Frontotemporal Dementia

What Are The Causes & Risk Factors?

Frontotemporal dementia refers to a group of brain disorders where damage  and shrinkage occur to the frontal and temporal regions of the brain. The three  main types of frontotemporal dementia include a decline in:  

  • Behavior/personality 
  • Language abilities
  • Motor abilities
Caregiver assisting man out of bed

Researchers don’t know what causes frontotemporal dementia. The only known  risk factors are a similar disorder or family history of dementia, as it is inherited  in about 1/3 of all cases. However, most people with the disease have no family  history or other dementia.

What Are The Symptoms?


  • Difficulty speaking or hesitant speech
  • Difficulty using and understanding language, written or spoken, like  trouble word finding

Personality &  Behavior

  • Frequent mood changes, like increased agitation 
  • Trouble reading social signals 
  • Lack of empathy 
  • Impulsive, repetitive, or inappropriate behavior 
  • Low motivation 
  • Emotional withdrawal 
  • Decreased interest in activities
  • Change in eating habits or eating inedible objects

Judgment & Decision Making

  • Poor insight
  • Impaired judgment

Task  Performance

  • Trouble initiating and planning tasks
  • Attention problems


  • Tremors 
  • Muscle spasms, weakness, or rigidity 
  • Mobility changes, like slow movement, shuffling, trouble walking, poor  coordination, and balance issues
  • Trouble swallowing


Important Note

People may not experience every symptom. These symptoms may not mean a person has frontotemporal dementia. It’s important to rule out other causes by talking to a doctor.


What Can You Expect?

  • Frontotemporal dementia progresses over time. The time it takes varies from  person to person. People may require a higher level of care in later stages, like  full-time nursing care or living at a care facility.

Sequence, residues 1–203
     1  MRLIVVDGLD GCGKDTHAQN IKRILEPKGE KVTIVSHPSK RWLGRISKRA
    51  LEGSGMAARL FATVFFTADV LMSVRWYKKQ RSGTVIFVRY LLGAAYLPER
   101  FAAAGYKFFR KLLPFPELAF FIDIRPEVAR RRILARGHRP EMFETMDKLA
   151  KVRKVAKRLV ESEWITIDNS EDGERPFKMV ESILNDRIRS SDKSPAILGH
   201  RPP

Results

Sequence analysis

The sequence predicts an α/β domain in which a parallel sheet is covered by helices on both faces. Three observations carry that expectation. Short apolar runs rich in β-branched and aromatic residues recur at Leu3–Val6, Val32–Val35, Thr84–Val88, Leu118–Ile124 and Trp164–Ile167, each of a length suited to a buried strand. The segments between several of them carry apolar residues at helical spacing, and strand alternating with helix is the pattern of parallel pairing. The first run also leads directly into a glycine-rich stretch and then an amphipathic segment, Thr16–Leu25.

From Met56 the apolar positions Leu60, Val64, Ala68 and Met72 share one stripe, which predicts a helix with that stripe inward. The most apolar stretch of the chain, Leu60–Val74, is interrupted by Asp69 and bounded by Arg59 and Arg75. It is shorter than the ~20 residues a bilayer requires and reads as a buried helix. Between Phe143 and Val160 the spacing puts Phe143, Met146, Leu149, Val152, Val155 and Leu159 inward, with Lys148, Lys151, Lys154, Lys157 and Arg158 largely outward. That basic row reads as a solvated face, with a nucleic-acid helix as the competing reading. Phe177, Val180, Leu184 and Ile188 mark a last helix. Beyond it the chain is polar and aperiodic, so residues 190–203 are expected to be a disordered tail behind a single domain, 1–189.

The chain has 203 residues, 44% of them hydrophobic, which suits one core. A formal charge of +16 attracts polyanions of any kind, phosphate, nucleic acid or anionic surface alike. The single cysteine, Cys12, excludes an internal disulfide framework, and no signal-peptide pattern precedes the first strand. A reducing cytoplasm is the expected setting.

• Symptoms vary depending on the area of the brain affected.
  • This disease may begin earlier than other types of dementia, often with  symptoms starting between age 40 and 65 (though it can occur earlier or later).
  • Mobility issues from this disease may require a person to need a wheelchair or  stay in bed.
  • Frontotemporal dementia may make a person more susceptible to other  illnesses like infections, pneumonia, and fall-related injuries.

What Treatments Are Available?

There is currently no cure for frontotemporal dementia or ways to slow its  progression. Treatments target the symptoms of the disease, which may include:  

  • Medications. These may include medications to treat sleep issues or behavioral  symptoms like anxiety and compulsive or irrational behaviors.
  • Therapies. Physical therapy, speech therapy, and occupational therapy can help  people with frontotemporal dementia cope with the physical symptoms of the  disease and engage in important activities.
  • Behavior modification. This may help manage challenging behavioral symptoms.

Additional Resources

  • Two elderly men talking

    Dementia Caregiver Checklist

  • Caregiver assisting man out of bed

    Frontotemporal Dementia

  • Caregiver helping woman walk

    Lewy Body Dementia

  • Caregiver working on a puzzle with elderly woman

    Mixed Dementia